Barclays and CommBank explore open source collaboration pact

Barclays and CommBank explore open source collaboration pact

Barclays Bank is to work with Commonwealth Bank of Australia on the development of open source tools for analysing large data sets in an effort to break free from the tyranny of vendor licensing fees.

Barclays’ global chief data officer Usama Fayyad says the UK bank wants to learn from the experience of CommBank's tech team, which has spent the past three years working to create an extract, transform, load (ETL) tool that it can run on top of Hadoop to exploit its vast data sets

Fayadd told Australian tech news outlet itnews that his interest in CommBank's pioneering work was piqued following a chance meeting with the Australian bank's former CIO Michael Harte, who had flown to London to interview for the top tech job at Barclays.

Harte put Fayadd in touch with Andrew Kerr, who had been leading the open source project at CommBank. Fayadd reckons CommBank is about five-to-ten years head of other banks in its thinking on open source.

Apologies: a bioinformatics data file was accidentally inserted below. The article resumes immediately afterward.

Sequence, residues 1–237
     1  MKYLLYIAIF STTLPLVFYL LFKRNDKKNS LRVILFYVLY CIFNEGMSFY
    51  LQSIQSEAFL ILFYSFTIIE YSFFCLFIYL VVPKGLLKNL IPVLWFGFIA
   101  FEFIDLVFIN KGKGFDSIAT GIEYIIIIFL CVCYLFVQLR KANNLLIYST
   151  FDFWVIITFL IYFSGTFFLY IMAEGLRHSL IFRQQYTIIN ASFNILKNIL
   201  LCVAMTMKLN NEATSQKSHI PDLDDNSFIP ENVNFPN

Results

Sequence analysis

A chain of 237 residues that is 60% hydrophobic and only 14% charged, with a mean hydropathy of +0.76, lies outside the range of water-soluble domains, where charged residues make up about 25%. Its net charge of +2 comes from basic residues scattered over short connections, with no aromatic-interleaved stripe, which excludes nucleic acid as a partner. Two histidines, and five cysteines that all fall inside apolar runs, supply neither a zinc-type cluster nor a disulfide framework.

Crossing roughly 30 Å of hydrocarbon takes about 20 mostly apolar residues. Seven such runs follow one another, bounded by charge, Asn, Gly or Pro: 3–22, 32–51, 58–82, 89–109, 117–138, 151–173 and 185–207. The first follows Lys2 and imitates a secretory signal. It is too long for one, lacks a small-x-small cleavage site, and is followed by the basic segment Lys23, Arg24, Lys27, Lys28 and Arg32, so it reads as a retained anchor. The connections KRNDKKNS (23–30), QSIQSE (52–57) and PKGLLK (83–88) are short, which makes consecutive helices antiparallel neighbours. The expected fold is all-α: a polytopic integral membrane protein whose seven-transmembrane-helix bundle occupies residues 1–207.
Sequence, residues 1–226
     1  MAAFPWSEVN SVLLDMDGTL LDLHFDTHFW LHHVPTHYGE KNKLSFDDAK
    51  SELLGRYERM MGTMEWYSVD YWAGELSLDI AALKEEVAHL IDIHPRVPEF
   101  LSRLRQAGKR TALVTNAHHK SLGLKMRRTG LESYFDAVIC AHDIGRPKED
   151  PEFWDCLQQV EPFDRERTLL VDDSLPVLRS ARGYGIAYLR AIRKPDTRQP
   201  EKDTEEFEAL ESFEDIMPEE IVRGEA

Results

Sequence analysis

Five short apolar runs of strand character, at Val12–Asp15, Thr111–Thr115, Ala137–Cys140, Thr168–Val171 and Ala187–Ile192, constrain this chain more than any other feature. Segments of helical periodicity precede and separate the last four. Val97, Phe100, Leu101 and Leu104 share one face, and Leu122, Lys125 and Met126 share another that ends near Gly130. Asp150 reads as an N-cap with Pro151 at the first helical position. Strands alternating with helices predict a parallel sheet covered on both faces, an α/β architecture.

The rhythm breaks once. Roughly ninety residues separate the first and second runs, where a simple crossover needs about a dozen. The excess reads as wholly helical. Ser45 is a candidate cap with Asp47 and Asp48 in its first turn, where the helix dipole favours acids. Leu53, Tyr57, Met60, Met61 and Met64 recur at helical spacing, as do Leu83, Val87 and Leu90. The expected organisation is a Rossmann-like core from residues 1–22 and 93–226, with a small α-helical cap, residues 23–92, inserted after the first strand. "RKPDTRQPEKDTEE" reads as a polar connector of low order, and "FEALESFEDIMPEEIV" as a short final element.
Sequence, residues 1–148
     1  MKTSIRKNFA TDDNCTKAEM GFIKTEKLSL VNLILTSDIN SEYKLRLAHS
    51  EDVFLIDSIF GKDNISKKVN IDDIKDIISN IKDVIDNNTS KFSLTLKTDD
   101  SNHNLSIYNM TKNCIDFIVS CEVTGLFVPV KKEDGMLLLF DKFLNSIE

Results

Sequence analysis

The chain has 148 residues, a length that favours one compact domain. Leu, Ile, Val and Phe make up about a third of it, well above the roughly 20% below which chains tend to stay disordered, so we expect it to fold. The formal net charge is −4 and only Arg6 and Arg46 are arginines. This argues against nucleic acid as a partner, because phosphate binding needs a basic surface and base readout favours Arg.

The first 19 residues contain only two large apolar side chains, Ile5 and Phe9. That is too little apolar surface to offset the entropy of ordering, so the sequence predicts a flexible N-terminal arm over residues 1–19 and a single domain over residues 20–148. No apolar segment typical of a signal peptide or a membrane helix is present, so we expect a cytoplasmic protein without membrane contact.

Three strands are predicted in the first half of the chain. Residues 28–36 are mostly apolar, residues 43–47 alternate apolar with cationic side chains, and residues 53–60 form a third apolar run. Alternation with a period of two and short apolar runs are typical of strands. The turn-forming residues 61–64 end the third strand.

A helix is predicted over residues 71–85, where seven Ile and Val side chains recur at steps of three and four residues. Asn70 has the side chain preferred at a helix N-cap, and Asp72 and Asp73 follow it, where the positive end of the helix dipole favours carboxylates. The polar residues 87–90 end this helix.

“For most banks this is not the normal way to approach a problem," he told itnews. "They hardly ever think about open source, and if they do they think about it as consumers not contributors."

For Fayadd, the collaboration will help the bank learn from CommBank's experience as they work together to create and share new code that can be published and fine-tuned within the open source community.

“If I want to access a new data source in my bank, I might have to pay half a million pounds in licensing fees,” he told itnews. “The vendors are abusing the banks in terms of licensing prices. If this project takes off I think CBA will have a worldwide impact on the industry."

Comments: (1)

Ketharaman Swaminathan
Ketharaman Swaminathan - GTM360 Marketing Solutions - Pune 04 November, 2014, 15:45Be the first to give this comment the thumbs up 0 likes

How's half a million pounds "tyranny" for a bank that must be having an IT budget of close to billion dollars? This is a negotiation ploy to soften up the concerned vendor. At least that's how it sounds to the marketer in me.

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